And here are the results:
So, let’s begin. Could you tell us a little about Dear Everybody and a little about where it came from?
Dear Everybody started with one short letter, a man apologizing to a woman for standing her up on a date; the man is wondering if they had gone out that night, if maybe his whole life would have been different, better. At first, I didn’t know then who was speaking or that it was a suicide letter, but I did have a strong voice and a skewed way of thinking. That one letter led to a rush of about 100 letters—Jonathon, the main character, apologizing to nearly everybody he has ever known—and the novel opened up from there. Most of the novel is Jonathon’s letters, but it also includes newspaper articles, psychological evaluations, weather reports, a missing person flyer, a eulogy, a last will and testament, and many other fragments, which taken together tell the story of the short life of Jonathon Bender, weatherman.
How much, structurally, was planned?
I didn’t plan the novel, structurally or otherwise. The beginning of it was a surprise to me, one of those happy surprises that sometimes happens during a good bout of writing. And the structure came out of an episode when I printed out all the pieces of the novel, basically one piece to a page, and laid them out in my dining room–all over the dining table, the chairs, any flat surface. I started putting things in a kind of order that way and the chronological structure came out of that.
How does Dear Everybody compare to your other books?
Because of the structure, Dear Everybody is different than my first two novels, but there are some similarities. An obvious similarity is that all three novels use multiple narrators—3 in The Way the Family Got Away, 3 in How Much of Us There Was, and a couple of dozen in Dear Everybody.
What ingredients are essential in a piece of fiction for it to be great?
It starts with a great sense of language and a particular perspective that somehow creates an original voice. The story, whatever happens, it all comes after that.
Has writing the book changed your opinions on mental illness and suicide?
I had a certain sympathy for those suffering from mental illness and/or those who have to deal with suicide, in whatever form, but as much sympathy as I had, I now have more.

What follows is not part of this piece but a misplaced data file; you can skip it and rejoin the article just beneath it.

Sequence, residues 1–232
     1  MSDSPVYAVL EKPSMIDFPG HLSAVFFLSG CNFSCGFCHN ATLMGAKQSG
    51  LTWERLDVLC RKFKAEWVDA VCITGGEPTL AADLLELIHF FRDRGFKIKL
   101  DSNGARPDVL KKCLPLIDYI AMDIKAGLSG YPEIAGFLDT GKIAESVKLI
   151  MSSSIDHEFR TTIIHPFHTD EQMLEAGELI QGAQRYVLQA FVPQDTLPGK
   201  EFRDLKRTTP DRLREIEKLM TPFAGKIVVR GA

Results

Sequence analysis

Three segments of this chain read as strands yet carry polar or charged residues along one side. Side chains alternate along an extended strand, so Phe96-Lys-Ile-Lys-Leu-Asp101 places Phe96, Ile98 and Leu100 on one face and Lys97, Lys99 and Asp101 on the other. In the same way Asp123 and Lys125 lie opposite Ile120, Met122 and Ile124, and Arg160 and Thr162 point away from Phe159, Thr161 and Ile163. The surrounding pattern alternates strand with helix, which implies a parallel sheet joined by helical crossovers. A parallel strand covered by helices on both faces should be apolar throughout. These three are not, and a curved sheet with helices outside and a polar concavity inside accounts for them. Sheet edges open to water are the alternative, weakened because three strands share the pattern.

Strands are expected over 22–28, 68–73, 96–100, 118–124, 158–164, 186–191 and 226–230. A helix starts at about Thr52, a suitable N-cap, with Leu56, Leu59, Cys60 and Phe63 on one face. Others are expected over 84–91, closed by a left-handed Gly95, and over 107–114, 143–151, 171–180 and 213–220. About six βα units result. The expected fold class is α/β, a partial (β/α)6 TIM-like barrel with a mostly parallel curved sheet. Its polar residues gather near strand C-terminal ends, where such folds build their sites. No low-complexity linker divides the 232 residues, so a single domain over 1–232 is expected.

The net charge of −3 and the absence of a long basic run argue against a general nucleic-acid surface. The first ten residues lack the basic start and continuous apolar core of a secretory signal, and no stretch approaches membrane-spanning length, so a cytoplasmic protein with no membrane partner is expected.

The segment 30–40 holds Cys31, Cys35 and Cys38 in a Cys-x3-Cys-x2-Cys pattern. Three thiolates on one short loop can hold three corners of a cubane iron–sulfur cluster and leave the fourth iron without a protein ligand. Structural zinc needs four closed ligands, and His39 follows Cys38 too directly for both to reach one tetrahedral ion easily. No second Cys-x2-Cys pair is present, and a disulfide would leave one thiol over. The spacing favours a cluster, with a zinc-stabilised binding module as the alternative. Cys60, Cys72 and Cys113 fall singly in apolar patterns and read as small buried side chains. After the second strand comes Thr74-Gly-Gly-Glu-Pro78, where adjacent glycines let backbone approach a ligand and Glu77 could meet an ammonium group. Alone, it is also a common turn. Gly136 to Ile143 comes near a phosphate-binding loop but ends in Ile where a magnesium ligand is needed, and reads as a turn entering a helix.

Tell us about you. Who is Michael Kimball? Does he write letters?
That’s a difficult question. I’m still a writer first, both the novels and the life stories, but I’ve been working with film a lot lately. I don’t write so many letters anymore, but I used to write a lot of them. In fact, it was after I stopped writing letters so much that Dear Everybody came into being.
Could you tell us about 60 Writers/60 Places, and postcard life stories?
The postcard life stories (click here to view) — I call it a collaborative art project. I interview people and then write their life stories (on a postcard). I have written postcard life stories for people from the UK, Canada, South Africa, Portugal, Russia, Finland, Uganda, Zimbabwe, the Philippines, Greece, China, Italy, and a man who claims to be an alien. Besides people, I have written postcard life stories for two cats, two dogs, an apple, a fictional character, and a literary magazine. One of the things that I have learned is that there are life stories everywhere.
60 WRITERS / 60 PLACES is a film about writers and their writing occupying untraditional spaces, everyday life, everywhere. It begins with the idea of the tableaux vivant, a living picture where the camera never moves, but the writers read a short excerpt of their work instead of silently holding their poses. Blake Butler reads on the subway, Deb Olin Unferth in a Laundromat, Jamie Gaughran – Perez in a beauty salon, Tita Chico in a dressing room, Tao Lin next to a hot dog cart, and Jessica Anya Blau at a swimming pool. The writer and the writing go on no matter what is going on around them.
What’s the best piece of writing advice you’ve been given?
Cut anything that you don’t absolutely need. That thought continues to guide me.
What’s next for you?
I’m finishing a new novel – Friday, Saturday, Sunday – and will keep writing postcard life stories. This fall, there will be a few screenings of I Will Smash You — a film I made with Luca Dipierro. And Luca and I are almost done shooting 60 Writers/60 Places — and plan to have that ready to screen in the spring.